COVID-19 lockdown: Slum dwellers donate ration to those going hungry
But when help arrived in the form of rations this week, the communities decided to forego them and instead, distributed it to near-by clusters.
Published: 01st January 1970 05:30 AM | Last Updated: 24th April 2020 12:08 PM | A+A A-
NEW DELHI: In Shahdara’s Lalbagh slum cluster near Mansarovar Park metro station, earning a livelihood has come to a stop for around 300 families living there since the lockdown. Dwindling cash savings and rations are the only constants for the residents. But when help arrived in the form of rations this week, the communities decided to forego them and instead, distributed it to near-by clusters.
“Our first thought was that we at least have buffer rations for five days. We came to know that in near-by clusters people had absolutely nothing to eat. They are needier of the rations than us. Their children need to eat. There were no second thoughts on distributing the ration to them,” said Puttilal Choudhary, who belongs to Mahavat community, a denotified tribe.
The rations comprised 750 kg rice and 250 kg of pulses which was facilitated by Koshish — Field Action Project of Tata Institute of Social Sciences, which runs several intervention programmes in the area. So far, they have distributed rations to over 100 families.
“At a time when the communities are uncertain about their survival, they decided to support families that had nothing on them. Not a family in the entire community objected or asked for ration. This is a strong counter to the popular narrative that is often played for poor people in general, and more specifically the homeless,” said Mohd Tarique, project director, Koshish.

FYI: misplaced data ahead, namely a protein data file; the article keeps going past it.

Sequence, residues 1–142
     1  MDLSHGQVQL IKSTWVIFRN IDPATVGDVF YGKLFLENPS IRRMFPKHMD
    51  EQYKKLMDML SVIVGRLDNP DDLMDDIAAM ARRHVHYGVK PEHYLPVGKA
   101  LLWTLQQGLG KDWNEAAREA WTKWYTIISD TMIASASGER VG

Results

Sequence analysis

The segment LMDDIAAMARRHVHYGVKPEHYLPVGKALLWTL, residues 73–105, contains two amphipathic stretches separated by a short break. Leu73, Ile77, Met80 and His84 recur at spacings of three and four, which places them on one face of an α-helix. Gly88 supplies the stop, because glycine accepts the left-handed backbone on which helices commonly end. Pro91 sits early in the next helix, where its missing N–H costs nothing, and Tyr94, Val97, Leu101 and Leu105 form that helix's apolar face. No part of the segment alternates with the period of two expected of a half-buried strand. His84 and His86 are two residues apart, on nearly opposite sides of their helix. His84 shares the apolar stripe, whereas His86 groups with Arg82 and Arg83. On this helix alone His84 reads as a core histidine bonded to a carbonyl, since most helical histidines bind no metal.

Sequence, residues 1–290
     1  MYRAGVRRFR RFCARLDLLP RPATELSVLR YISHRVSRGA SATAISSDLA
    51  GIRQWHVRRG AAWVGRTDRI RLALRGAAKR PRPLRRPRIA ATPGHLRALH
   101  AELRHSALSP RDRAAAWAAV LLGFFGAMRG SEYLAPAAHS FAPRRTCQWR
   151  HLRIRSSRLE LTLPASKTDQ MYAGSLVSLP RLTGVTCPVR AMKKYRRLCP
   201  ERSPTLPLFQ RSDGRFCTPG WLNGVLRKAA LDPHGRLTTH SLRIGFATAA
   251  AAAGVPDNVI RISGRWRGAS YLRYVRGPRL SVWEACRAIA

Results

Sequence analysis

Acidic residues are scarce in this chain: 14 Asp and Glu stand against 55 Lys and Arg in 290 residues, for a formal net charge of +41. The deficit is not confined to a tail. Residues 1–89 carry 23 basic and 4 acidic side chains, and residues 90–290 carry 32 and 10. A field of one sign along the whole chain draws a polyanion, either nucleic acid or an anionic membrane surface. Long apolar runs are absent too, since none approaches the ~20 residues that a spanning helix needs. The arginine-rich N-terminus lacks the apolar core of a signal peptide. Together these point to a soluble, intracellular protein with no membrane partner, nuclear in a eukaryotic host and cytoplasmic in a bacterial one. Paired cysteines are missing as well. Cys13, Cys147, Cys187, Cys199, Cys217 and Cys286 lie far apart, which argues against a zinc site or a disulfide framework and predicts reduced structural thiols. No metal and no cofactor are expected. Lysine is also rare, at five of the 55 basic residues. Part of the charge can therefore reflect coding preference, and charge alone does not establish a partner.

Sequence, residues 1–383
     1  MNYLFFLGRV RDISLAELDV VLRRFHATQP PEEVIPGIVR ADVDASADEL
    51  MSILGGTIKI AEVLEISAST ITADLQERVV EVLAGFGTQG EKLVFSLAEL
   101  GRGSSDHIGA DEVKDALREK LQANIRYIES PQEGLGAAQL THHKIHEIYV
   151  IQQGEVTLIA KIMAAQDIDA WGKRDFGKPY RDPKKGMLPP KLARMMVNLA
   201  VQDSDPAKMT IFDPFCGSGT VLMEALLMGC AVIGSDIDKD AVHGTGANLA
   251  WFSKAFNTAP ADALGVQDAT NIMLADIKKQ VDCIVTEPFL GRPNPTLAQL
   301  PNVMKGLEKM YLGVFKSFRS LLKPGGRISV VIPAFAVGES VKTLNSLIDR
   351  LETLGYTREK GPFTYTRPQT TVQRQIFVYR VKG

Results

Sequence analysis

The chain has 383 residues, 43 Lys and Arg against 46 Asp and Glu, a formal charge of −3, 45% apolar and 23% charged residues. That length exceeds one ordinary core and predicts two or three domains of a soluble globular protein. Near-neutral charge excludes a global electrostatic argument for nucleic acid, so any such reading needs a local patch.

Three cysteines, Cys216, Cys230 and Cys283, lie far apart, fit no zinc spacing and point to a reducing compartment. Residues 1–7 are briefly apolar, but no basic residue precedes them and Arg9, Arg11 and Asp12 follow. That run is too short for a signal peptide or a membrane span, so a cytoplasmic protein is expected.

The current generations of Mahavat and Kapadia, a scheduled caste community, who inhabit the area eke out their living from selling old clothes, lemon chilli threads and playing the drums in marriages. A significant number of them are left out of any state benefits.
Jai Singh, who was in the committee which carried out the relief work, has a family of 10 members — eight children and his wife. He had seven days ration and a sum of `3,000 left with him. “We identified people who had received no rations and were struggling to arrange meals. When the rations arrived, we reached out to the distressed slum dwellers who had nothing to fall back on. Many elderly women and widows had no savings,” said Jai Singh.
Ramu, another member who led the relief work said the distribution was ongoing. “We have not stopped our work. We are maintaining adequate distance while handing out the rations,” he said.